"It's like I'm bringing somebody in and saying, 'I want to show you my office that's been destroyed,' but it hasn't been. It's exactly the same as it was on Sept. 10," said Peter M. Murphy, the top lawyer for the Marine Corps. "So it's just kind of an eerie feeling."
Murphy was one of 22 workers who returned to their offices in the rebuilt section of the Pentagon. The $500 million reconstruction project is nearly complete, although construction workers still must finish interior work on the 400,000 square feet of rebuilt office space.
Murphy was standing at his fourth-floor office window in the outer ring of the Pentagon when hijackers slammed American Airlines Flight 77 into the building below him. The attack killed 125 people in the Pentagon and 64 on the plane, including the hijackers.
Murphy was tossed across the room by the force of the impact and scrambled to get out of the burning building. One wall of his office collapsed minutes later into the hole caused by the crash.
A red and yellow Marine Corps flag in Murphy's office improbably survived, and has been flown aboard the Space Shuttle with an American flag that survived the World Trade Center attacks in New York City.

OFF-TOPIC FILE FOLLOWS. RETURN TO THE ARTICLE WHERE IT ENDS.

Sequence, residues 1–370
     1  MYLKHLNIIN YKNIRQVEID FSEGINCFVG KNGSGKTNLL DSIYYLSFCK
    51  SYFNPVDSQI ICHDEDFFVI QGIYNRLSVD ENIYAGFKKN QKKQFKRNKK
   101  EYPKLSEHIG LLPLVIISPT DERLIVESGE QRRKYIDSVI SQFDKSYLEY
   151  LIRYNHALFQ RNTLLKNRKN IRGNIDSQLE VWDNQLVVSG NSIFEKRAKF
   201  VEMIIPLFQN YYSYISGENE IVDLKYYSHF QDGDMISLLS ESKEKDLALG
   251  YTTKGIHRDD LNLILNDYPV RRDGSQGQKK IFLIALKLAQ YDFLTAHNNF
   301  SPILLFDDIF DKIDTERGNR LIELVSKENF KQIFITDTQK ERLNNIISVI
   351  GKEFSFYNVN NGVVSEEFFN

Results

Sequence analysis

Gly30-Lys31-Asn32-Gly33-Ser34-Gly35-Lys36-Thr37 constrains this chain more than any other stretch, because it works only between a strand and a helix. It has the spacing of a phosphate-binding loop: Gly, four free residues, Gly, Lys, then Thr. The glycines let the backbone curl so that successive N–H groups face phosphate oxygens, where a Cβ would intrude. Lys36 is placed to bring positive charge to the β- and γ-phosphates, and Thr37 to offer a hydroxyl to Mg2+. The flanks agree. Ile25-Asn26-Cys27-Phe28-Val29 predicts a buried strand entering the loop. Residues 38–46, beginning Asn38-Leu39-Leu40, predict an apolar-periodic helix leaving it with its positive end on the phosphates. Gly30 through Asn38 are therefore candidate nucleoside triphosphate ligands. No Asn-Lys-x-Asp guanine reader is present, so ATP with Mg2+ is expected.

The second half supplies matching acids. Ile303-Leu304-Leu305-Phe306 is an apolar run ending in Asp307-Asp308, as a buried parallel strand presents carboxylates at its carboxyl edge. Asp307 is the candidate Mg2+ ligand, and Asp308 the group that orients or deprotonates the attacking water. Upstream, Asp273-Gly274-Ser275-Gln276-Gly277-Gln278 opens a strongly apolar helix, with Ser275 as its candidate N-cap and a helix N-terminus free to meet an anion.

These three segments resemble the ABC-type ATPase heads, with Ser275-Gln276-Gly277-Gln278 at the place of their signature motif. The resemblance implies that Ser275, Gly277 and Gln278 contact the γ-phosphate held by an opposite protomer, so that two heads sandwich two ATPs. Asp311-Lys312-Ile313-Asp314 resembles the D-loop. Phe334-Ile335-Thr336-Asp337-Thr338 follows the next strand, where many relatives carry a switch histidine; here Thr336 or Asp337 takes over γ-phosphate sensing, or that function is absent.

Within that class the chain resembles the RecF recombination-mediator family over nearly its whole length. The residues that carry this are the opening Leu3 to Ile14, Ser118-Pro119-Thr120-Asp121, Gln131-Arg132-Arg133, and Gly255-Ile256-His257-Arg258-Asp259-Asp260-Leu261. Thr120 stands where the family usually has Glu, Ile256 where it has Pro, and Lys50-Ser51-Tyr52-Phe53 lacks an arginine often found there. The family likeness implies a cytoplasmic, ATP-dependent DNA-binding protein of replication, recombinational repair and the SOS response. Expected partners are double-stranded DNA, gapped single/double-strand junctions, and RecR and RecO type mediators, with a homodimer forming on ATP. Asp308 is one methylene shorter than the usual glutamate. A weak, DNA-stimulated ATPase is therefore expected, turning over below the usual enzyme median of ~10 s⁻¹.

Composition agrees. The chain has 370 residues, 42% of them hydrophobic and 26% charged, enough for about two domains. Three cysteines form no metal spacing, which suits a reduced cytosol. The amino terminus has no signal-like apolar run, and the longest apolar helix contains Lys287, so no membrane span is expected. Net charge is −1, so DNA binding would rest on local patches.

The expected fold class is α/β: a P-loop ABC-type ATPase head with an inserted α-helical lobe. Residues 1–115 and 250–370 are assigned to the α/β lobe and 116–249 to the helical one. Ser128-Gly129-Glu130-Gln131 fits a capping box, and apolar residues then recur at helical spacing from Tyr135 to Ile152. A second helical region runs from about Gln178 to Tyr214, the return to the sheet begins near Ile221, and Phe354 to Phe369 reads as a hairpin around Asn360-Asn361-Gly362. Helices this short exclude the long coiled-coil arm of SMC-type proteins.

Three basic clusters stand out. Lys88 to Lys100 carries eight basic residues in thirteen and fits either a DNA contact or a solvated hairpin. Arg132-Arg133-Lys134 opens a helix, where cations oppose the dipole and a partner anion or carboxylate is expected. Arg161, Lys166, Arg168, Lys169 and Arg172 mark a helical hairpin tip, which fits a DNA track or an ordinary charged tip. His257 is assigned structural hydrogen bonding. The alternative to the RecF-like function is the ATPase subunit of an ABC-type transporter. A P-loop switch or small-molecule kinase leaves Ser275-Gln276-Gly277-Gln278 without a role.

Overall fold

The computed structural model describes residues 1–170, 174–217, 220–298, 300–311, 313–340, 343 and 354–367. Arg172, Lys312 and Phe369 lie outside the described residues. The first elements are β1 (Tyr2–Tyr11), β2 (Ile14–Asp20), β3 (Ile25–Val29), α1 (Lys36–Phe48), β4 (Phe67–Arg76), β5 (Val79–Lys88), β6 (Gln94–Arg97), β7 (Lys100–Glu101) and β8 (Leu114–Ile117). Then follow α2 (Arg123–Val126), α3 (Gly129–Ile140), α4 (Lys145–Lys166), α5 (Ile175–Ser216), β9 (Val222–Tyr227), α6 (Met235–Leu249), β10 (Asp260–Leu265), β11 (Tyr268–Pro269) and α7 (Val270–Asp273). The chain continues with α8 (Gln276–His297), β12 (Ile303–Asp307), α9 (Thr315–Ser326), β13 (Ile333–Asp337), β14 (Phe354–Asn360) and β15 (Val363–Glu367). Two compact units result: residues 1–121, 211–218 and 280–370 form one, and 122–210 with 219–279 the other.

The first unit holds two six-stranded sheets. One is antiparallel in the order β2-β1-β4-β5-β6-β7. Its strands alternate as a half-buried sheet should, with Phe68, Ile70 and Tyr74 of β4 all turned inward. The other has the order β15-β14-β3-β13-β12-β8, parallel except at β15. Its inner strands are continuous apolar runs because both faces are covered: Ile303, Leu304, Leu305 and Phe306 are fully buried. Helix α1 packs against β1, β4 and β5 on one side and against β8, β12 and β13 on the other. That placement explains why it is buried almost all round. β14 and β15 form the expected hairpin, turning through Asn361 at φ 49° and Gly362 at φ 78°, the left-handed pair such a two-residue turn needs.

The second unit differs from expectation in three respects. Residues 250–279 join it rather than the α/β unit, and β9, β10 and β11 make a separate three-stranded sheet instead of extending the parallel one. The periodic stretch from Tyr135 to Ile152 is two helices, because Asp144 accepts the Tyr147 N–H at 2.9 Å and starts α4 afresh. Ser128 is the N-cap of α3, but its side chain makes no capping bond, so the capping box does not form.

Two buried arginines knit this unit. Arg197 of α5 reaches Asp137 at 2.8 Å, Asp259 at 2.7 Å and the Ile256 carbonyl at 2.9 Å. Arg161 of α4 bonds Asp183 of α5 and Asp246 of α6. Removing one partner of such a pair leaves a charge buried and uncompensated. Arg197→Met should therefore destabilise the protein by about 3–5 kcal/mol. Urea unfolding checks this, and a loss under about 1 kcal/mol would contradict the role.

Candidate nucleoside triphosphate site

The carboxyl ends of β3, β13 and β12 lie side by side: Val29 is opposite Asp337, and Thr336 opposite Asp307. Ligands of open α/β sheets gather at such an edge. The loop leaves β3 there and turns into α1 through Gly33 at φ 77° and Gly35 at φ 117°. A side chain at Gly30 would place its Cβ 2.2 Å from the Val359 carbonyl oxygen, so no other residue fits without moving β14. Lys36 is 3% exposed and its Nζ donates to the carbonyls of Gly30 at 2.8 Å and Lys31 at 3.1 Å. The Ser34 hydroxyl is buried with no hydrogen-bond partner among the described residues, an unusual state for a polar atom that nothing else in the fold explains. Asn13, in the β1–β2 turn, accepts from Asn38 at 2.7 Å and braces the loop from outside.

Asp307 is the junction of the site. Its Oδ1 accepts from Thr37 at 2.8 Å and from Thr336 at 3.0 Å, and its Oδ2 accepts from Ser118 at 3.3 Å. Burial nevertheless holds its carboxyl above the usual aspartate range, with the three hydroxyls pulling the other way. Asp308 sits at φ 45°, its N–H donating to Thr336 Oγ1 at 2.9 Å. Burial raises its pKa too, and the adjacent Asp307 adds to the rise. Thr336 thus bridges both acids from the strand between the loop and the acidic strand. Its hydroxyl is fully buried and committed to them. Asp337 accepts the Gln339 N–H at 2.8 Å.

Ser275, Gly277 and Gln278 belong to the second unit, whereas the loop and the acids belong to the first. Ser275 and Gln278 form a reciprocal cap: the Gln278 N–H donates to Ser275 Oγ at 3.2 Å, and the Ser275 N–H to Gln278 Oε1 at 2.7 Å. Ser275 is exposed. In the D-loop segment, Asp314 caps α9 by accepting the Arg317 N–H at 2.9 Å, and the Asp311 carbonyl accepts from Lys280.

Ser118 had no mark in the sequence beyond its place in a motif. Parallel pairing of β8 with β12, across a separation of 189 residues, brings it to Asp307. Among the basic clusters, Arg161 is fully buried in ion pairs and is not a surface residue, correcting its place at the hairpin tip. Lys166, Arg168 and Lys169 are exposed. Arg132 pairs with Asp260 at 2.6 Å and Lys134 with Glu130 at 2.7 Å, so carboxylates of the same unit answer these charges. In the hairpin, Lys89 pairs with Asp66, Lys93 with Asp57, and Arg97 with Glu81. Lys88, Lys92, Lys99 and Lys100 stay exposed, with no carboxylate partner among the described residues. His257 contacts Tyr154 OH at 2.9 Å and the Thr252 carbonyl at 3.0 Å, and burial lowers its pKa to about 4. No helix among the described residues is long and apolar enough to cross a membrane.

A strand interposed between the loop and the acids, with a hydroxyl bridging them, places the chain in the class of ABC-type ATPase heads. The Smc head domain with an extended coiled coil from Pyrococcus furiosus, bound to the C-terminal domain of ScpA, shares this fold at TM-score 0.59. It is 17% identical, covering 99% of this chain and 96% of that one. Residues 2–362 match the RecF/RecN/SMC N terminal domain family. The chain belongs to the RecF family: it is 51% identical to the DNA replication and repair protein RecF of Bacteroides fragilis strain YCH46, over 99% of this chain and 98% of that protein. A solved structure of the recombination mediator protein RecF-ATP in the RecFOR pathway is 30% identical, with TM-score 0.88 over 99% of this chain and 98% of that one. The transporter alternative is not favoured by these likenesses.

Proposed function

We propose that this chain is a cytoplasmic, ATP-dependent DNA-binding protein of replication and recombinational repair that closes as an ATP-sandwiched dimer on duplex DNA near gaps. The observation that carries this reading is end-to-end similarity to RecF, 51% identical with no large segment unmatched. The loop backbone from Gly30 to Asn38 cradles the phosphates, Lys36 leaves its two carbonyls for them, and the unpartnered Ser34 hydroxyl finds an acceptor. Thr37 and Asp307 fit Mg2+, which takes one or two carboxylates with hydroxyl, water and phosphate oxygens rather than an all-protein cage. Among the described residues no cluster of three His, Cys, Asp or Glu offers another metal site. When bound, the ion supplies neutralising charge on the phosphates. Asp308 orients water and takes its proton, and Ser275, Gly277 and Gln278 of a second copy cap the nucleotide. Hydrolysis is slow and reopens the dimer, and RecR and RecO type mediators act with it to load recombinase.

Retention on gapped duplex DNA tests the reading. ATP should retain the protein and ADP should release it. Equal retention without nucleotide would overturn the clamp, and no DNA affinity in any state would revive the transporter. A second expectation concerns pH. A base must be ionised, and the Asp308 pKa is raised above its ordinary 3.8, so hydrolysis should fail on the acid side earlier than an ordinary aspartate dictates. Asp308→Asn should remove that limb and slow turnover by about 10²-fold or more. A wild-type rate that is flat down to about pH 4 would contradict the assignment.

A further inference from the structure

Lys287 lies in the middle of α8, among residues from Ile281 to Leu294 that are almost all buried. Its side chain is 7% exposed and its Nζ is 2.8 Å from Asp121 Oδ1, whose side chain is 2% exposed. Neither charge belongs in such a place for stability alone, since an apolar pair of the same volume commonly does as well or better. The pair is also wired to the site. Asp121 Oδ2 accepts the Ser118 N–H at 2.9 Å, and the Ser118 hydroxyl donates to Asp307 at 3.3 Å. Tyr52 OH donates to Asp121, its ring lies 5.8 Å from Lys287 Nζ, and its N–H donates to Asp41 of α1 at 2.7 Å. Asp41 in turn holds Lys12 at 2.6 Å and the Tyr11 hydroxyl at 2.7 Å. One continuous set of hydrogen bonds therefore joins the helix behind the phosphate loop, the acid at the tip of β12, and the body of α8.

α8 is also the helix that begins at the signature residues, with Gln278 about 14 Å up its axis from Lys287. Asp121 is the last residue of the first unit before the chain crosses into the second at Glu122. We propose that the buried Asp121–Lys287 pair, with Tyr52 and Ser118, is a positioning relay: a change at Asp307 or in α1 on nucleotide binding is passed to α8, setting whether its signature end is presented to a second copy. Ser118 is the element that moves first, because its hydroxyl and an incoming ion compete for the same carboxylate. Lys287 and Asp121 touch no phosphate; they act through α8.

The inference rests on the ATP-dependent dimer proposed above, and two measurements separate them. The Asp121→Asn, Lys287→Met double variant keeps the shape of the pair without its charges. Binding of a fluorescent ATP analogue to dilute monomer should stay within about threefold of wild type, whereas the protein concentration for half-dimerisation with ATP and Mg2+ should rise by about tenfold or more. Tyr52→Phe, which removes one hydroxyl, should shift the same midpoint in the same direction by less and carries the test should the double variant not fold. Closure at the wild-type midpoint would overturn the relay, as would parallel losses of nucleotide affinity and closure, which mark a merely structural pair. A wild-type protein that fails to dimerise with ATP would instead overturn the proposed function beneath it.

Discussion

Murphy has a new Marine Corps flag in his office now, along with several photographs of the damaged Pentagon and more pictures of his wife and daughter. One of the most agonizing experiences of Sept. 11 for Murphy was not being able to contact his wife — who believed he must have died — for hours after the plane hit.
Returning to his office brought mixed emotions, Murphy said. He's proud of the way people saved each other after the attack and the quick reconstruction work that followed. Memories of that day and those who were lost are still painful. But returning gives a bit of closure, and is important to show "we won't go somewhere else with our tail between our legs."
Officials overseeing the reconstruction work say they plan to have it completed in time for a memorial service on Sept. 11 to be attended by President Bush.